In a decision with potentially large ramifications, New York Federal Judge LaShann DeArcy Hall won't dismiss a libel suit against "Shitty Media Men" creator Moira Donegan.
Explaining, the judge says it is possible that Donegan created the entry herself. The judge believes that Elliott should be able to explore whether the entry was fabricated. Accordingly, discovery proceeds, which will now put pressure on Google to respond to broad subpoena demands. The next motion stage could feature a high-stakes one about the reaches of CDA 230.
Andrew Sullivan flags a noble-sounding quote from Google CEO Eric Schmidt:
“The internet is the strongest force for individual self-expression ever invented. Governments around the world, even democratically elected, have difficulty with [the flow of] information online. Dictatorships and closed communities one after the other will try and shut down communication from inside. Strategies governments use trying to shut down people’s speech are terrible strategies and will not succeed . . .”
This, of course, is from the same company that helps the Chinese government filter out “objectionable” content from Internet searches. I’m generally uninterested in Google’s corporate PR strategy, but this strikes me as a gigantic cop-out. In essence, Schmidt is suggesting that Google’s technical support for repressive regimes is irrelevant because attempts to limit “self-expression” won’t succeed. Well, they might succeed if the Chinese government works hand-in-glove with our most advanced software companies to shut down online dissent. At the very least, I daresay Google’s efforts will help prolong the regime’s ability to control the flow of public information. And if Schmidt truly believes that efforts to limit information are a lost cause, isn’t he essentially lying to his company’s client, the Chinese government, which seems to be operating under the assumption that the Great Firewall is pretty darn effective at “shut[ting] down people’s speech?”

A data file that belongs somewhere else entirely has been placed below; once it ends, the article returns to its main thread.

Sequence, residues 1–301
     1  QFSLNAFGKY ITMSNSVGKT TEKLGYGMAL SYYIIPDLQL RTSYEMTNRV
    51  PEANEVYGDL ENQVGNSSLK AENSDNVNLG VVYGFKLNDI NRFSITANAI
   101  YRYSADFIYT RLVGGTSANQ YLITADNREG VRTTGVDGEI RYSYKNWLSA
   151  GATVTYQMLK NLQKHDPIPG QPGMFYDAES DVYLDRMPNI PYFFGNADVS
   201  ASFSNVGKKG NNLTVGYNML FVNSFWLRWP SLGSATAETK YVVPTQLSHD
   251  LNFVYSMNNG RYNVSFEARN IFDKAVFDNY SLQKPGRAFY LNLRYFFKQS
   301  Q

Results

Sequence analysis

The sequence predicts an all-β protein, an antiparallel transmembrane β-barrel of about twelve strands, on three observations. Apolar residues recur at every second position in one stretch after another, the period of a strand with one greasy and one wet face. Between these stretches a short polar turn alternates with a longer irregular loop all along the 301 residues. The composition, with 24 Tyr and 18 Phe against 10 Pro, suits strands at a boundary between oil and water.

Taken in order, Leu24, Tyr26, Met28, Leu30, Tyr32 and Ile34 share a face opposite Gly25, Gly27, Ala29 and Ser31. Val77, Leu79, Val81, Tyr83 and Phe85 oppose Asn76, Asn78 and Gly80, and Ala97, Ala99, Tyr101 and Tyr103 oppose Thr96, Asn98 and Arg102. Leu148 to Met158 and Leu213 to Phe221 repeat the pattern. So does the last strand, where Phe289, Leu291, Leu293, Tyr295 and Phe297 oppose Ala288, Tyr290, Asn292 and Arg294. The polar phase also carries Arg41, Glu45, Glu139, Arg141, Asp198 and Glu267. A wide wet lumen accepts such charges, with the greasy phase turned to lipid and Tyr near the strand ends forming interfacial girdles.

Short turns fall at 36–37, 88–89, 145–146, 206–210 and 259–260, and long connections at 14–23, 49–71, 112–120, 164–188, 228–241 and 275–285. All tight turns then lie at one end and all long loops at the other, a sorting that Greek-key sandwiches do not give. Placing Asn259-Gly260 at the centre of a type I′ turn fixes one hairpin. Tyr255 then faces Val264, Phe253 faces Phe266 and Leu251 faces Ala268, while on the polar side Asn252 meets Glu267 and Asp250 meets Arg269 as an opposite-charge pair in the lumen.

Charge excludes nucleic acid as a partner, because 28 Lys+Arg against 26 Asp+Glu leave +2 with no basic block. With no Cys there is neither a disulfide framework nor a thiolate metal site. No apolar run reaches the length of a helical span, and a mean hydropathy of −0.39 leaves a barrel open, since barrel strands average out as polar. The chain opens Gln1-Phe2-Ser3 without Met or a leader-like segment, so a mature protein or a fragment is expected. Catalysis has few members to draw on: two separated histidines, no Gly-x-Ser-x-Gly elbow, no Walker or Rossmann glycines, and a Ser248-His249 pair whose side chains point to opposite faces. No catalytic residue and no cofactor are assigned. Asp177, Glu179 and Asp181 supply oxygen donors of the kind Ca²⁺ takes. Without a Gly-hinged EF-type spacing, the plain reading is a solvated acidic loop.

The most noxious thing about this passively-constructed exercise in corporate ass-covering is how Schmidt simultaneously applauds the information revolution for empowering free speech while abdicating responsibility for facilitating government repression. After all, how can crackdown-enabling corporations like Google be criticized if the free flow of information is an inevitability? Those dissidents – they’ll find away around our firewalls – after all, they always do! Except when they, err, don’t.
As an avowed techno-skeptic, I’m not very confident that Schmidt’s much-ballyhooed information revolution will magically solve state repression. I’m quite confident, however, that celebrating these developments while simultaneously working behind the scenes to control their most radical features is the worst kind of corporate hypocrisy.